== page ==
Genius Mind in Ancient China
“Chuang Tzu is the greatest and most brilliant poet among Chinese thinkers so far known.” Herman Hesse.
Most Westerners have heard of Lao Tzu and Tao, and Tao Te Ching is probably one of the most read Classics both in East and West. Whether Lao Tzu actually wrote Tao Te Ching himself is still a myth. There is no verifiable record on Lao Tzu, it is believed that he probably lived around 3rd to 6th century BCE. There are few historical details on Chuang Tzu’s life, but a brief biography is documented. Most would consider him a follower of Lao Tzu and he lived after Confucius (551-479 BCE). He is as important as Lao Tzu in terms of his influence on Chinese thoughts.
One of the most intriguing, humorous and enjoyable personalities in the entire history of Chinese philosophy and literature, Chuang Tzu presents in his writings philosophy for individuals and emphasizes the need for individual freedom and transcendence from worldly concerns. He advocates “Free from the World”, but man must first of all discard baggage of conventional values before he can be free.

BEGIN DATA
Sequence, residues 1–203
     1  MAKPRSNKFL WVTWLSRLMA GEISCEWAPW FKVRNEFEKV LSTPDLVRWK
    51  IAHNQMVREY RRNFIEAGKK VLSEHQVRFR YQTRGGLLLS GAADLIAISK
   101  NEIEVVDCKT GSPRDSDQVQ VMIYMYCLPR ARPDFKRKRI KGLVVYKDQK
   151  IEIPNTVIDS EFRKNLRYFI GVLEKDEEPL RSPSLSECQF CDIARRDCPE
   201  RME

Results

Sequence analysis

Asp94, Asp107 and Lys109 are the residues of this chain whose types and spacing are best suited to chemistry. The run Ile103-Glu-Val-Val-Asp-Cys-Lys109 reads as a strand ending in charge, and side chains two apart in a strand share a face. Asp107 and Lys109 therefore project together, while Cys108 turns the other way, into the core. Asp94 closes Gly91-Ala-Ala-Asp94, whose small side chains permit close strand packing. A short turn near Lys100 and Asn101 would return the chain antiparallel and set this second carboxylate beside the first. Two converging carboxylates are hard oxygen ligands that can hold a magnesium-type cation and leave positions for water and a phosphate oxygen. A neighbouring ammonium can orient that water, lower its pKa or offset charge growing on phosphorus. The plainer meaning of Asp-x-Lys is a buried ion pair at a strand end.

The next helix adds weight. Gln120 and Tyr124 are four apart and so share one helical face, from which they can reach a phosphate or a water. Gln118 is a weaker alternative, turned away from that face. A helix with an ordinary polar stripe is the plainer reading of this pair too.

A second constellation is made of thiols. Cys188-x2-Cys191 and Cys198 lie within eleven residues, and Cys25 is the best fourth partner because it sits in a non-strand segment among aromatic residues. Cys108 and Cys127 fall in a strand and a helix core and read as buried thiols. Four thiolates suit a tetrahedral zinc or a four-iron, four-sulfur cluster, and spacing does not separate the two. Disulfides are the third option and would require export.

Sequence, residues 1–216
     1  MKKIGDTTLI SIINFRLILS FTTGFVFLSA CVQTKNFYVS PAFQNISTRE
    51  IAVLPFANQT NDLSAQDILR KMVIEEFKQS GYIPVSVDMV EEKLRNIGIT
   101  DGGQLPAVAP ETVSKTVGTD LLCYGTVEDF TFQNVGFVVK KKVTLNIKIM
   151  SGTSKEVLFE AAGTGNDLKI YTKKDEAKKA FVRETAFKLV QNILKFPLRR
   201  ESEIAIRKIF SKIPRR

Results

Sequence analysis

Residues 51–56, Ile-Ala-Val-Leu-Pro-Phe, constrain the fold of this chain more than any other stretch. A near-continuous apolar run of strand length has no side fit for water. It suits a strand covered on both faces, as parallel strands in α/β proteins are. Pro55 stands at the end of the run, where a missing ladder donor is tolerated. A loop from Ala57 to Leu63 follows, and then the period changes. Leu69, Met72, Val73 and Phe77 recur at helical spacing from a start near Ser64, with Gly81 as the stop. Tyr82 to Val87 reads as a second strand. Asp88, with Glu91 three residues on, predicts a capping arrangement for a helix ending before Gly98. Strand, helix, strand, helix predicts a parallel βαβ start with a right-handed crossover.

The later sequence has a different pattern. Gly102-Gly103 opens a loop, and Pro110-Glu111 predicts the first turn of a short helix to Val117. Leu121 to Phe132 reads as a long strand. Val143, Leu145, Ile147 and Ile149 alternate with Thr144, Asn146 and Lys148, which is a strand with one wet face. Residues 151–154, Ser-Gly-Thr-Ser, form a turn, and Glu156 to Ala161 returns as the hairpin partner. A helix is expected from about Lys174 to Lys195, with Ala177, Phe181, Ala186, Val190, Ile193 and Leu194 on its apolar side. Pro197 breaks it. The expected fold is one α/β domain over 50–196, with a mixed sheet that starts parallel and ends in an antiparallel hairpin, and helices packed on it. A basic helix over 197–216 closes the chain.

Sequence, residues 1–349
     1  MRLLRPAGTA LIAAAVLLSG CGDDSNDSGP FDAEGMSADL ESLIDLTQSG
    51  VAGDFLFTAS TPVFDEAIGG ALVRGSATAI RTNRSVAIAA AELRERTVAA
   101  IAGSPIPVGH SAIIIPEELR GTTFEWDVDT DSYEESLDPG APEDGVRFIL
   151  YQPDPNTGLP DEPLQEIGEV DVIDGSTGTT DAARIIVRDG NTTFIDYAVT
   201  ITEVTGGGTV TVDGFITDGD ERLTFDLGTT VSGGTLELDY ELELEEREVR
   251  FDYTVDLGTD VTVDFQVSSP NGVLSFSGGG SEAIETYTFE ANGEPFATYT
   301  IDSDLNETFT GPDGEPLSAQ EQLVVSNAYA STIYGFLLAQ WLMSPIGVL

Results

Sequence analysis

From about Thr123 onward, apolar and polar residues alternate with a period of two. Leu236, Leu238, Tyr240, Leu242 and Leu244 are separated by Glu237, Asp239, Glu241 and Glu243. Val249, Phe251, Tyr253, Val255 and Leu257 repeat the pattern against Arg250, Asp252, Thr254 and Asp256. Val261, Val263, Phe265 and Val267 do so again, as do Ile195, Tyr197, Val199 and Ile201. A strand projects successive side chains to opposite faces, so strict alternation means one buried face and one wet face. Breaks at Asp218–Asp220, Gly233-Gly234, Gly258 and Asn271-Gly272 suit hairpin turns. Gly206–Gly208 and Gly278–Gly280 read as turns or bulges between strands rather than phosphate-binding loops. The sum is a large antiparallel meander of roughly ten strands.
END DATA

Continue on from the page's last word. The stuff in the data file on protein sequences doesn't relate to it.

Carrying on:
Employing rhetoric to awaken readers to essential meaninglessness of conventional values, he uses short narratives that start out sounding rational and end up reducing language to gibberish like the Zen Koan to alert the mind into awareness of a truth outside ordinary logic or pseudo logical discussions.
He lived in fourth century BCE (369-286 BCE) during Warring States Period (403-221 BCE) when nations were split up into a number of autonomous states that were constantly at war with one another. In this golden age of Chinese philosophy a hundred schools of thoughts arose to envision a better social order. Continue reading